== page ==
Dubai looks east

Dubai looks east

Dubai Tourism’s impressive Q1 arrivals figures reveal India and China remain top growth markets, while Russia makes a big comeback, driving up total numbers by 11 percent

Dubai’s tourism industry performance has maintained its fine form in 2017, with overnight visitation during the first three months of the year surging 11 percent year on year to 4.57 million travellers.

Driving this impressive Q1 double-digit growth are China and India, while the Russian market is also making a huge resurgence, according to the latest figures from Dubai’s Department of Tourism and Commerce Marketing (Dubai Tourism).

From January to March 2017, China delivered 230,000 overnight visitors, up 64 percent compared to the same period the previous year, while Russian arrivals grew a staggering 106 percent to 126,000.

One of the key factors driving the performance spike of both markets was regulatory changes, allowing citizens from Russia and China to obtain free visas on arrival in the UAE.

It has seen both countries rise through the ranks as key feeder markets for Dubai, with China at number four and Russia at number 11, edging closer to a return to the top 10.

India, Saudi Arabia (KSA) and the UK retained their positions as Dubai’s top three source markets respectively, accounting for 30 percent of visitors to the emirate in Q1. India became the first market to deliver nearly 580,000 visitors in any one quarter, with a massive 23 percent growth in arrivals between January and March.

KSA continued to drive volumes with 440,000 visitors, while visitors from the UK rose 5 percent to 214,000 overnight guests.

The remaining top 10 source markets all delivered positive contributions, with Iranian arrivals up 39 percent; Pakistan up 17 percent; the United States up 6 percent; Germany maintaining stability; and Kuwait up 10 percent.

“Q1, 2017 has set us off on a very strong trajectory for the year and we are pleased to see our strategic investments and policy reforms yielding such definitive impact,” said His Excellency Helal Saeed Almarri, director general, Dubai Tourism.

“As Dubai continues to evolve and expand the breadth and depth of its tourism proposition, we expect to amplify the appeal of our city as the top consideration for not only first-time but also repeat business and leisure travellers. Thanks to the support from our visionary leadership, backed by the strength of our stakeholder collaboration, we have made tremendous strides in ongoing efforts to increase the city’s accessibility, minimise barriers to travel, and make it as seamless as possible for prospective tourists to visit and revisit Dubai.” He said China and Russia’s strong contribution proved initiatives such as offering visas on arrival facilitated tourism sector growth.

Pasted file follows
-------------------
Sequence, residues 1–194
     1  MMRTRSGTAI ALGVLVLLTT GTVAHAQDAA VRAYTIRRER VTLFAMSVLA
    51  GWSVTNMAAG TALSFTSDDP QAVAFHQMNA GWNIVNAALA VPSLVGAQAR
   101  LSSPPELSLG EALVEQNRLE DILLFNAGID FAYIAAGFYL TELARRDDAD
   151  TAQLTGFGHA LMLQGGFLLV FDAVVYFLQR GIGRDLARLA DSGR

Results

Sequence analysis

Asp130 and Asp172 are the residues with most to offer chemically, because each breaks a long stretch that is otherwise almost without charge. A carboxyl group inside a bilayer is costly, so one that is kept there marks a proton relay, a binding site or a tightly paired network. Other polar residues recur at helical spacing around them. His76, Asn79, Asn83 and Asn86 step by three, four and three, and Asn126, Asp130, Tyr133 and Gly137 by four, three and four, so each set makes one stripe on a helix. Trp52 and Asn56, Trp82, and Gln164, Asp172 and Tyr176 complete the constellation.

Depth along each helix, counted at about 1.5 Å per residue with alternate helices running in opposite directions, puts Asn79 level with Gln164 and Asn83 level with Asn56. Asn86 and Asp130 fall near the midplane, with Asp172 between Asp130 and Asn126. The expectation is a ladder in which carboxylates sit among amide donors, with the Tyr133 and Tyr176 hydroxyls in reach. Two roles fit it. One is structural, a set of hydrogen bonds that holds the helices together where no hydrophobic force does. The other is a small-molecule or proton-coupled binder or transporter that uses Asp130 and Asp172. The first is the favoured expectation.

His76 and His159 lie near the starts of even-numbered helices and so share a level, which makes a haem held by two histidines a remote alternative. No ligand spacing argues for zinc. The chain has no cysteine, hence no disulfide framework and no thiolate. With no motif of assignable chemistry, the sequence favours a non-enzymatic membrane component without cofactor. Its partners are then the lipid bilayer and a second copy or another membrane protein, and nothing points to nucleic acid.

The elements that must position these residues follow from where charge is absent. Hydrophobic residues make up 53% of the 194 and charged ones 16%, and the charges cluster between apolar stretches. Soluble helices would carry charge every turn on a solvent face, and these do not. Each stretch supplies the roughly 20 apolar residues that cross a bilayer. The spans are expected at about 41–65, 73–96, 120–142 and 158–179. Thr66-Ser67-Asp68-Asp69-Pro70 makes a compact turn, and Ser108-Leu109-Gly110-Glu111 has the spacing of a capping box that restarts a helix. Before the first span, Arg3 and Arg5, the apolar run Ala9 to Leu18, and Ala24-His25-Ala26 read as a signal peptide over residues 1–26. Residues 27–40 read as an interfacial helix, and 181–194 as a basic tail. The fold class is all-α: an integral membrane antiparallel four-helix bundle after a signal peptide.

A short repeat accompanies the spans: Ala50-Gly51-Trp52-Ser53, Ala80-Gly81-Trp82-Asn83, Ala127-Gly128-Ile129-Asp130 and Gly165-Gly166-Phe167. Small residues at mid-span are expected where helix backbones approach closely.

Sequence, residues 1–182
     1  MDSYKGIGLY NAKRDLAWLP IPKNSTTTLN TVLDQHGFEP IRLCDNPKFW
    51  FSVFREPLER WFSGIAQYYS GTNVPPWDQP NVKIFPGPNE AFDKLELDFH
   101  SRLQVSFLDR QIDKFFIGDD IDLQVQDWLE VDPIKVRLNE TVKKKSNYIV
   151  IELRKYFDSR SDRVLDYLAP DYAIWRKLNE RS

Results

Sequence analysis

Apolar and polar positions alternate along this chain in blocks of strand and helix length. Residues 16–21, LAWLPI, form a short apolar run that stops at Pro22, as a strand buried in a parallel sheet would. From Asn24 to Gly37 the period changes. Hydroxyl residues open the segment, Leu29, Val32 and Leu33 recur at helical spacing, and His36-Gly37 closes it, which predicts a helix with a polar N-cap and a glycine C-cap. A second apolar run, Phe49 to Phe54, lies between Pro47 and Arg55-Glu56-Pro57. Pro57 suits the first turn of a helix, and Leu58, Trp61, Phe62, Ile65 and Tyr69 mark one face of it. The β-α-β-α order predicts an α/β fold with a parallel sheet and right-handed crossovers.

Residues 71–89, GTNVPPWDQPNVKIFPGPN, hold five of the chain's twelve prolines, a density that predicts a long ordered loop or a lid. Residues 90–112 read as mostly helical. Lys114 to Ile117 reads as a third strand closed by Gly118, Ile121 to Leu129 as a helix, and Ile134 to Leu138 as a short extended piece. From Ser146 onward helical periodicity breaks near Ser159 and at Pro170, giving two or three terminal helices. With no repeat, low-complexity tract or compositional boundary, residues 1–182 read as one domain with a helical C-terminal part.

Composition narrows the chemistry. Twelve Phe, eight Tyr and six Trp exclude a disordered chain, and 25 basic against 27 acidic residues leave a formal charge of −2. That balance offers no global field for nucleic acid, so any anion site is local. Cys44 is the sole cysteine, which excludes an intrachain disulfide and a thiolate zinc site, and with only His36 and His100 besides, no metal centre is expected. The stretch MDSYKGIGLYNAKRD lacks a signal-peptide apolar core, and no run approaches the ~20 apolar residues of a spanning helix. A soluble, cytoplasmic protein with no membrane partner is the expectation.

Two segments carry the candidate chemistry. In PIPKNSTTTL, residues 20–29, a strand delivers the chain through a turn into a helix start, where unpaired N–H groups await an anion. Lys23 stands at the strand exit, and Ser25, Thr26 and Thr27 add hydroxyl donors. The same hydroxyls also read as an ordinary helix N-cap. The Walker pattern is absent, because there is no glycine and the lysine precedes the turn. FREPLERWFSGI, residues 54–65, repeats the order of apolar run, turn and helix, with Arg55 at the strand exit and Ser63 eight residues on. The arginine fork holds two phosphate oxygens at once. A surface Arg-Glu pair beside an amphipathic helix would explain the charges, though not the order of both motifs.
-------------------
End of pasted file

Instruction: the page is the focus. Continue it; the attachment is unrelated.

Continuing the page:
Dubai’s diverse hotel inventory stood at 104,503 rooms at the end of Q1, 2017. This was spread across 680 establishments, representing 6 percent growth compared to the total at the end of March last year.

Occupied room nights were also up year on year to 7.96 million, compared to 7.55 million at the end of Q1, 2016, with the average occupancy rate across all hotel and hotel apartment categories rising 2 percent over the same period to reach 87 percent.

As new hotels continue to open across Dubai in line with the emirate’s Tourism Vision 2020 strategy, these latest figures, which reveal demand increases that clearly complement the inventory growth, confirm the city continues to present a hugely attractive investment opportunity for hotel owners and operators, and that the sector is prudently balancing capacity against market needs to deliver positive results.

In another show of confidence for Dubai’s burgeoning tourism and hospitality sectors, a new report by GRMC Advisory Consulting reveals total tourist spend in the emirate is expected to reach AED144 billion by 2021, compared to AED113 billion in 2016.

The largest spending increase will be in the entertainment sector, says the company’s economist, Gurdish Bassi.

“Shopping malls may not have it all; entertainment and experiential concepts will capture a significant proportion of total spend,” he adds.

This will lead the city’s hoteliers to create more “out-of-the-box” hospitality concepts according to Klaus Assmann, vice president – Hospitality and Retail, Dubai Parks and Resorts, who predicts theme parks will become a major tourism driver for Dubai.

Dr Martin Berlin, partner, Deals Strategy ME for PwC, believes that as more tourism-focused projects come to fruition, from attractions to destinations within the destination, Dubai will “develop into a city that is on a par with other global megacities”.

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